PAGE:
Use this URL to cite or link to this record in EThOS: https://ethos.bl.uk/OrderDetails.do?uin=uk.bl.ethos.786339
Title: Investigating the roles of HMGB1 and its receptor, RAGE, in chronic lymphocytic leukaemia
Author: Norster, F. A.
ISNI:       0000 0004 7971 8030
Awarding Body: Queen Mary, University of London
Current Institution: Queen Mary, University of London
Date of Award: 2018
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Abstract:
High plasma levels of inflammatory mediator, high mobility group box protein 1 (HMGB1), and its main receptor, receptor for advanced glycation end products (RAGE), is associated with poor prognosis for a variety of cancers, but little is known about this signalling axis in chronic lymphocytic leukaemia (CLL). We have previously determined significantly increased HMGB1 levels in the plasma of CLL patients compared to healthy controls, associated with poor clinical outcome. It is unknown whether the HMGB1-RAGE signalling axis contributes to disease progression and can directly promote CLL B-cell survival by converging with toll-like receptor 9 (TLR9) signalling. Moreover, the role of soluble RAGE (sRAGE), a free extracellular receptor fragment that functions as a decoy receptor in blood plasma, is poorly documented for CLL. The overall aim of my PhD is to (1) determine expression of HMGB1 receptors, RAGE and TLR9, in CLL B-cells and their prognostic significance in patients with CLL; (2) assess global cell-signalling network activation following exogenous HMGB1 treatment and blockade with neutralising anti-RAGE antibody; (3) study the impact of sRAGE in CLL. Lymph node RAGE expression positively correlated with TLR9, Ki67 and ZAP70 - markers of proliferating and aggressive disease. Patients with high lymph node RAGE expression confer inferior overall survival in comparison to patients with low RAGE expression. Further risk stratification of RAGE with Ki67 and ZAP70 lymph node expression increased the prognostic power of RAGE, highlighting a significant interaction between these variables. HMGB1 induced activation and colocalization of RAGE and TLR9 in CLL B-cells. Phosphoproteomic analysis highlights activation of MAPK signalling in primary CLL cells following HMGB1 treatment in vitro for patients with ZAP70 expression. We confirmed increased plasma levels of HMGB1 and surprisingly of sRAGE in CLL patients compared to healthy controls, but not of other RAGE ligand, S100B. Plasma sRAGE levels did not reach a high enough concentration to inflict full HMGB1 inhibition, but RAGE shedding could be induced in vitro by stimulating metalloprotease termed a disintegrin and metalloproteinase domain-containing protein 10 (ADAM10) with ionomycin in RAGE-transfected HEK293 cell line and primary CLL cells, and blocked when ADAM10 was specifically inhibited with GI254023X. In summary, this study demonstrates that overexpression of HMGB1 receptor, RAGE, in CLL lymph nodes is associated with a worse clinical outcome in patients with CLL. HMGB1 activates both RAGE and TLR9 in primary CLL B-cells. sRAGE has a protective effect in CLL by prolonging time to first treatment and sRAGE originates from ectodomain shedding, dependent on ADAM10. We therefore propose that HMGB1 and surface RAGE may play an important role in promoting CLL cell proliferation and cell survival, and plasma sRAGE combined with HMGB1 could be markers of disease monitoring.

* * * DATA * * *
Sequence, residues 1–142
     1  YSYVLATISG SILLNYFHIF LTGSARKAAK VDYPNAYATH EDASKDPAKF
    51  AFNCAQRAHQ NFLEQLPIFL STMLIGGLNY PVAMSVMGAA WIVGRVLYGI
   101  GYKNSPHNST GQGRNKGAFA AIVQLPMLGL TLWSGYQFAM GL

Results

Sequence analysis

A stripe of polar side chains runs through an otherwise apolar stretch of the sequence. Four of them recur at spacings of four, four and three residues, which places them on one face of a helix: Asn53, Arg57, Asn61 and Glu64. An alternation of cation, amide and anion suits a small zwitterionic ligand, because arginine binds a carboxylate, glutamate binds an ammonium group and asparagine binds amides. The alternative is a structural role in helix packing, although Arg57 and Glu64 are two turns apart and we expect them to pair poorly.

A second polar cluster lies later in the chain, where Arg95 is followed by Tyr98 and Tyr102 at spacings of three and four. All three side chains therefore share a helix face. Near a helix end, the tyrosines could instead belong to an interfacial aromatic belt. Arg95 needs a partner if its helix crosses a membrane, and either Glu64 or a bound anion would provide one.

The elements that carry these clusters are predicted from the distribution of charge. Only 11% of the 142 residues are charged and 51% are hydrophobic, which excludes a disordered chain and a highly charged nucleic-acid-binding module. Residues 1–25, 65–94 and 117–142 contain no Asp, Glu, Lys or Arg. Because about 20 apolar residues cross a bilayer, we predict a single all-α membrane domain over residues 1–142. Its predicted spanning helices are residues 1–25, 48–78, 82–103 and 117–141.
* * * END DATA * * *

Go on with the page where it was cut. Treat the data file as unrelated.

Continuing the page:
Supervisor: Not available Sponsor: Not available
Qualification Name: Thesis (Ph.D.) Qualification Level: Doctoral
EThOS ID: uk.bl.ethos.786339  DOI: Not available
Keywords: chronic lymphocytic leukaemia ; high mobility group box protein 1 ; disease monitoring.
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